Film Critic

Chuck Koplinski is The News-Gazette's film critic. His email is and you can follow him on Twitter (@ckoplinski).

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Revenge movies appeal to us on the most primal level, providing vicarious thrills through a sheen of righteousness that allows us to justify our enjoyment of the violence on display.

Meanwhile, heist films are aimed at our sense of intellect, rousing our minds to solve just how the sleight of hand in question is going to be pulled off, providing a cathartic thrill in sharing in the cleverness played out before it. That these genres are among the most popular comes as no surprise.

Guy Ritchie’s “Wrath of Man” succeeds handsomely in combining them, a brutal film with a narrative that unfolds from the inside out, initially providing hints as to what makes the key players tick and the circumstances that push them, only to double back on the story on two occasions, to fill in the plot gaps and provide alternative perspectives of the events at play.

Ritchie has employed the approach before, yet it never fails to be engaging and exhilarating as this tact inherently generates tension. The filmmaker sustains the suspense masterfully, pushing us to the edge of our seats, plunging us once more into a world of lowlifes and oddballs, though this lot is of the most desperate sort.

The film opens with a botched armored car heist — while the crew that pulls it off gets away with the cash, one of their members kills three innocents in the process. This sequence is presented in a cropped fashion, our view of the events deliberately obscured thanks to Ritchie’s inconveniently positioned, stationary camera.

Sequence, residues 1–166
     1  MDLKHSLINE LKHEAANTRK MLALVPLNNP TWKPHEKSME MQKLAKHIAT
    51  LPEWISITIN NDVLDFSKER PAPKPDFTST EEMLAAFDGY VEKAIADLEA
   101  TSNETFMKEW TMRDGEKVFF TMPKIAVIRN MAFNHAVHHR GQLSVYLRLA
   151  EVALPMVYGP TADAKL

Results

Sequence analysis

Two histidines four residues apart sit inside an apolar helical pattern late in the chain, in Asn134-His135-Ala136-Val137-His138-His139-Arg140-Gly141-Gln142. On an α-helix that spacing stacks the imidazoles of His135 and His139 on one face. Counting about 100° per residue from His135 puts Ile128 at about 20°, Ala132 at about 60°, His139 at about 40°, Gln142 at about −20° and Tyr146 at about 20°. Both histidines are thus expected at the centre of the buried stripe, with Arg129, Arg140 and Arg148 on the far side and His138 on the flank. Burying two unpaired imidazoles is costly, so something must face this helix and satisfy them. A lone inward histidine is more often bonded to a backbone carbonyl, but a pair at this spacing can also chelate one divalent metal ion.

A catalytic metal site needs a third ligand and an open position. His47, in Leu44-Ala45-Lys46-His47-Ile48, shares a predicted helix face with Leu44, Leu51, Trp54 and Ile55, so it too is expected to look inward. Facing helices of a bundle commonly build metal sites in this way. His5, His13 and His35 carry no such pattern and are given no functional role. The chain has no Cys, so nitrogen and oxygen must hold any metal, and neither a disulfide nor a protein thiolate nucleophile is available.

However, this is an event we return to twice more before all is said and done, its significance growing with each run through.

Weeks go by and the victimized company is in search of new guards. H (Jason Statham) answers the call and is hired, though he barely passes the tests required for him to be qualified.

However, he soon proves to be much more capable than he might let on, taking down six assailants single-handedly when he and his partner are held up.

It becomes apparent that he’s up to much more than guarding other people’s money, and we find out through one of many flashbacks that his son was killed in the film’s opening scene.

Convinced it was an inside job, H has gotten himself hired on to root out the rat from within. However, that would be far too easy and obvious; the screenplay by Nicolas Boukhrief and Eric Besnard contains yet another subplot regarding a group of dissatisfied veterans which further complicates matters.

The story hooks us immediately and never lets go, thanks in large part to its structure and the grotesque characters it contains.

 You’d be hard-pressed to find a more unlikable group as Bullet (Holt McCallany), Dave (Josh Hartnett), Dana (Niamh Algar) and their brethren, crude and vulgar burnouts who care little for themselves and even less for others.

However, much like H, there’s more to them than meets the eye, their actions, especially under pressure, revealing their true natures in surprising ways.

And that really is the secret to the film’s success — it keeps us guessing until its inventive third act in which the heist to end all heists goes horribly awry.

Ritchie’s comeback flick “The Gentlemen” was no less violent but done as a lark, the tongue-in-cheek tone making it all a little easier to take.

To be sure, “Wrath” is vicious, deliberately so, yet it’s a gripping examination of what is wrought when despair and vengeance are the only two things driving a person.

In the end, nothing remains but the victim, victimizing himself.

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